Little of the historiography of third-century Athens survives, and much of what we know—or might know—about the period has come down to us in inscriptions carved by Attic stonemasons of the time. In this book Stephen Tracy, the world's preeminent expert in this area, provides new insight into an unsettled and obscure moment in antiquity.
PART I: ATHENIAN GOVENMENT AND THE MACEDONIAN KINGS
Oligarchy versus Democracy: 338 to 262 B.C.
Macedonian Domination: 262 to 229 B.C.
PART II: ATTIC LETTER-CUTTERS OF 300 TO 229 B.C.
List of Inscriptions Assigned
Addenda to IG II2 1262 Cutter, ca. 320–ca. 290 B.C.
Addenda to IG II2 650 Cutter, 318/7–283/2 B.C.
Addenda to Agora I 4266 Cutter, ca. 304–271 B.C.
IG II2 478 Cutter, 305/4–302/1 B.C.
IG II2 657 Cutter, ca. 305–ca. 275 B.C.
IG II2 689 Cutter, 305/4–ca. 270 B.C.
Agora I 3238 and 4169 Cutter, 286/5–ca. 239 B.C.
Agora I 6664 Cutter, 281/0–ca. 240 B.C.
IG II2 776 Cutter, ca. 255–ca. 240 B.C.
SEG II no. 9 Cutter, 250/1–ca. 240 B.C.
IG II2 788 Cutter, ca. 260–ca. 235 B.C.
Conclusion: Inscribers of the Years 300 to 229 B.C.
Appendix One: Athenian Archons from 261/0 to 234/3
Appendix Two: Agora I 5392 + 3855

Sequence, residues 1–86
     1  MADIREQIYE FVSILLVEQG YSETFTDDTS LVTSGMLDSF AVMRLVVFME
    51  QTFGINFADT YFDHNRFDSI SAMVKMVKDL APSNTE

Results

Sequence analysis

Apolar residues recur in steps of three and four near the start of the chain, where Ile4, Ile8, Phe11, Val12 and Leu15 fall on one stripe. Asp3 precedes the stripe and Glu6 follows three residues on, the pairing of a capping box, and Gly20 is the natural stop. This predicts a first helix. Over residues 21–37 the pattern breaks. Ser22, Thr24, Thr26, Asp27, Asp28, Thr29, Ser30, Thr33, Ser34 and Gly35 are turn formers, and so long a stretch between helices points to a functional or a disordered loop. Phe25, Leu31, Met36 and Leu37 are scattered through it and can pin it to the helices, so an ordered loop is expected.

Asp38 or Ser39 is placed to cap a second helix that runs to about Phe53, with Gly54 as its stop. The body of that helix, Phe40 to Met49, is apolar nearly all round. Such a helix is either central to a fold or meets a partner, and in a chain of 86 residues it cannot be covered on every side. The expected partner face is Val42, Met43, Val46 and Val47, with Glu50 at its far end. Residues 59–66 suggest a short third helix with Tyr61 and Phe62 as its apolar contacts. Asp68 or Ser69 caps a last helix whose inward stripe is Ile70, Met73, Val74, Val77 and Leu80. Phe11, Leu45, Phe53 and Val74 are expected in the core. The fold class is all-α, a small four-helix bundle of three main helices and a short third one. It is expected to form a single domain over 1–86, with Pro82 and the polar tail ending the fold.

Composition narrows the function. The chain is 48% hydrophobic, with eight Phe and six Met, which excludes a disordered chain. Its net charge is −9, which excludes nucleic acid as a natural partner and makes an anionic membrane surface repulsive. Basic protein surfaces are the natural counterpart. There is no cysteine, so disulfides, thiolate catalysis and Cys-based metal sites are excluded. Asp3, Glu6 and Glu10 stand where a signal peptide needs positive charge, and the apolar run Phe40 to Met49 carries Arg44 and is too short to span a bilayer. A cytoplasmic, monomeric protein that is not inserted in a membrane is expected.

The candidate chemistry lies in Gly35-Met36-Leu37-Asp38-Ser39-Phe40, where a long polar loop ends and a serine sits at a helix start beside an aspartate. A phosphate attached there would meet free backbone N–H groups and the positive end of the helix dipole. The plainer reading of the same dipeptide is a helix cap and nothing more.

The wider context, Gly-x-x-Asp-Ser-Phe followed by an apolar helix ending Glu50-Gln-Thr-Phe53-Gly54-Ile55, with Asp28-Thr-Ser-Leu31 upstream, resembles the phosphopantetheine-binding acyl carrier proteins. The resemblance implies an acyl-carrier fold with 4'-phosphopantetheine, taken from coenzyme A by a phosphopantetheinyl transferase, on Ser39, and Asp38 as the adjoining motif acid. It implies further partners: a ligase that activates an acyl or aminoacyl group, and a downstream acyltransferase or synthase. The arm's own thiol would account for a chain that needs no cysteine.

Index to Greek Texts
Index of Passages Cited
Index of Persons
Comparatio Numerorum to SEG
Stephen V. Tracy is Professor of Greek and Latin at Ohio State University and Professor of Classical Studies and Director of the American School of Classical Studies in Athens. He is the author of many books, including, most recently, Athenian Democracy in Transition: Attic Letter-Cutters of 340 to 290 b.c. (1995).
“The importance of this slim, superbly illustrated volume cannot be underestimated. it will be an indispensable tool to specialists in epigraphy and the Hellenistic period, as well as to social historians. The author is to be congratulated for having tackled so many problems associated with the history of Hellenistic Athens, and for having fine tuned chronology.”—Elizabeth Kosmetatou American Journal Of Archaeology
"In this new work Stephen Tracy continues to demonstrate his unique mastery of recognizing and identifying the 'hands' of the cutters of Athenian inscriptions, ca. 300-229 b.c. No student of Greece in the Hellenistic age can effectively carry on research without taking account of Tracy's remarkable analysis of its most important primary source material."—Ronald S. Stroud, University of California, Berkeley
"No other scholar comes anywhere near to Tracy in the ability to apply his method, which requires long practice and great patience."—Gary Reger, author of Regionalism and Change in the Economy of Independent Delos, 314-167 b.c.